Good news about dementia is in short supply. There is no cure as yet, and so many new cases have been predicted that it’s been described as an epidemic. I’ve seen its devastating effects on my mother, who suffered from dementia for the last three-and-a-half years of her life, and another relative has recently been diagnosed with a mild form of the condition. So has one of my closest friends.
All of these women are a generation older than me. Last week’s rare piece of positive news, which shows that the number of people now living with dementia is levelling off in Western Europe, comes too late for them. The other headline finding of the latest study – that a healthier lifestyle in middle age appears to have protective effects – doesn’t have obvious relevance to people who have already been diagnosed with the condition.
The study shows that the expected increase in the number of dementia cases since the 1990s hasn’t materialised, casting doubt on the validity of the “epidemic” label. A review of five large epidemiological studies suggests that figures from the 1980s which have been used to predict an upward trend are out of date. In four European countries there was no increase in prevalence and the UK actually showed a drop; there were 22 per cent fewer people aged over 65 with dementia in 2011 than had been predicted in 1990.
The experts think this may be because middle-aged people have adopted healthier lifestyles, reducing known risks such as having high blood pressure and high cholesterol. “This evidence suggests that attention to optimum health early in life might benefit cognitive health late in life,” the report observes drily. For my generation – the baby boomers – that has meant giving up smoking or avoiding it altogether, taking up running or going to gyms, and eating healthier food. We are very different from our parents’ generation, who missed all the modern messages about what constitutes a healthy lifestyle.
My mother grew up at a time when no one talked about the importance of physical exercise and a healthy diet. She smoked when she was younger, I don’t think she went to an exercise class in her life and she didn’t do much walking either. Like many women of her generation, she lived to a ripe old age but suffered from failing health for years before she died. I worried about her sedentary lifestyle but she lived at the other end of the country and it wasn’t a priority for the health professionals she consulted.
This isn’t an unusual situation but it has dreadful consequences. There were more than 800,000 people with dementia in the UK in 2013 and the impact of the diagnosis on their lives, not to mention the emotional strain on families and friends, is enormous. My mother died last year after a harrowing period in which she suffered delusions and auditory hallucinations; she accused friends of stealing from her and was convinced she could hear men trying to break into her first-floor flat in the middle of the night. Eventually she was unable to look after herself and had to move into a care home.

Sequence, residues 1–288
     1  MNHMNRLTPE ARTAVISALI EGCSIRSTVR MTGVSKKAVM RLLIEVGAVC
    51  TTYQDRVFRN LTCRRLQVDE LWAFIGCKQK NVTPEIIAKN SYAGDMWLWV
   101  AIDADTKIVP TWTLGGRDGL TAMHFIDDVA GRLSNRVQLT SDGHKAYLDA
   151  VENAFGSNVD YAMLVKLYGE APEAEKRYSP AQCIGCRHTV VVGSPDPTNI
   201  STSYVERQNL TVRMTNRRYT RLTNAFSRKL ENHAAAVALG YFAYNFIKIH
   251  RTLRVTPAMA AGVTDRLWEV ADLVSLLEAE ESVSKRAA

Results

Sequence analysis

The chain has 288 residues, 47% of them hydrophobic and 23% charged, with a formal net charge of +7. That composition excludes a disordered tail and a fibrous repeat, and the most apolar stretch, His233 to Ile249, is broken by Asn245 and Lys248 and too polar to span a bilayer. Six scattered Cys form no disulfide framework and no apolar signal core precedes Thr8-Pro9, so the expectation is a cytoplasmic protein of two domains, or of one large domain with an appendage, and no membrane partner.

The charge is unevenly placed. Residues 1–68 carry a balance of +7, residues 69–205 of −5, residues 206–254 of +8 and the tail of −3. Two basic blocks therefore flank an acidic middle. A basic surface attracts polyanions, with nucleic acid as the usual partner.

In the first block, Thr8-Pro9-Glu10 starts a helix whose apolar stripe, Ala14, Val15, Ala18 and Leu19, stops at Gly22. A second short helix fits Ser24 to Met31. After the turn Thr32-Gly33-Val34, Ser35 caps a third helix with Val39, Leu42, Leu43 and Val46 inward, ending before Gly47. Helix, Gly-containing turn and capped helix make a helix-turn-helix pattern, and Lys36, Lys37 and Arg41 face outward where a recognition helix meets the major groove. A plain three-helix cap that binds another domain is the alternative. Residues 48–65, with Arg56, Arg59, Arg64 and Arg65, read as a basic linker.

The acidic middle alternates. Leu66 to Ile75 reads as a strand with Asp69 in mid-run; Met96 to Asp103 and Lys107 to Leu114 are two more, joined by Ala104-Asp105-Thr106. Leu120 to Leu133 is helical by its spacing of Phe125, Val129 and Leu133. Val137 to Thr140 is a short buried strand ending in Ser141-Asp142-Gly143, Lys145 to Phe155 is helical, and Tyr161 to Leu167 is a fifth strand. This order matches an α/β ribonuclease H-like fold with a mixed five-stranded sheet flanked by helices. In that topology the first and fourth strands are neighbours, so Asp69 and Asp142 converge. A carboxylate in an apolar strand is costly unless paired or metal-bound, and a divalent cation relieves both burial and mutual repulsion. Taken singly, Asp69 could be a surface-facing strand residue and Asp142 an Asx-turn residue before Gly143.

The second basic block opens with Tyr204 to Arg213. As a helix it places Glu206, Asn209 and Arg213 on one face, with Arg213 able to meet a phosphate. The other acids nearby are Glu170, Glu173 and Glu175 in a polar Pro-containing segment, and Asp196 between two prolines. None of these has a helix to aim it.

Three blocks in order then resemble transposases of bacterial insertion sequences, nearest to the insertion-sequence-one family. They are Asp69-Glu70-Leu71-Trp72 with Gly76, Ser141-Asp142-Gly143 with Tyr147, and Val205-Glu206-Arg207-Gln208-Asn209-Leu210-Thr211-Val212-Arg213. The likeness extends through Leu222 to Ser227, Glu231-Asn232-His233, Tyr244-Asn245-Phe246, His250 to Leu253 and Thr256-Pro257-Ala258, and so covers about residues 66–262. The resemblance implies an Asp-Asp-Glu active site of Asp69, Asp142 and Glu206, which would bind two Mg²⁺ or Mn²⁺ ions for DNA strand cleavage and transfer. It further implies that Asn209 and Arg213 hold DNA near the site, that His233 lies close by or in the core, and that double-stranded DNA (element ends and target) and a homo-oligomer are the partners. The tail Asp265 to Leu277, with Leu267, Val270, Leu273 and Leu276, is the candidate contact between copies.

Dealing with such problems is a huge challenge for the statutory services, which have been criticised for the way they respond. Two years ago, the Care Quality Commission said bluntly that the health and social care system was struggling to care properly for people with dementia.
Here’s an example: even before the latest research confirmed the benefit of exercise and a healthy diet for the middle-aged, evidence existed that changes in lifestyle are beneficial for people who already have dementia. The Alzheimer’s Society is unequivocal on this point, insisting that “leading a physically active lifestyle can have a significant impact on the well-being of people with dementia”. But none of the elderly people with dementia that I’ve known have been encouraged to take more exercise – now I think about it, that applies to virtually all the elderly people I know.
Care homes organise visits from hairdressers, chiropodists and singers but I’ve never encountered one which has exercise equipment or promotes the benefits of regular physical activity. Whether they live in residential care or at home, my relatives’ immediate needs have been met but they’ve been left sitting in chairs most of the day.
When my relative was told she had dementia earlier this year, I hoped things might have improved since my mother’s diagnosis in 2011. This elderly lady has bouts of confusion and forgetfulness, but she’s quite capable of walking if she has someone with her; when I stayed with her last month, I took her to the cinema and we even went on a boat trip around the Farne Islands. But she hasn’t been offered any advice about how she might stimulate her brain, and no one has offered to help her increase the minimal amount of exercise she gets.
Obviously we can’t avoid every case of dementia, especially as more people live beyond the age of 85; around 40 per cent of that age group is estimated to be affected. But with evidence mounting that lifestyle changes in middle age can reduce the risks, it makes no sense that only 5 per cent of research funding is spent on prevention.
At the same time, I’m sure we could make life more comfortable for elderly people who have already received this terrifying diagnosis. It’s too easy for GPs to write a prescription for anti-depressants when what these vulnerable individuals need is emotional support, mental stimulation and gentle physical exercise.
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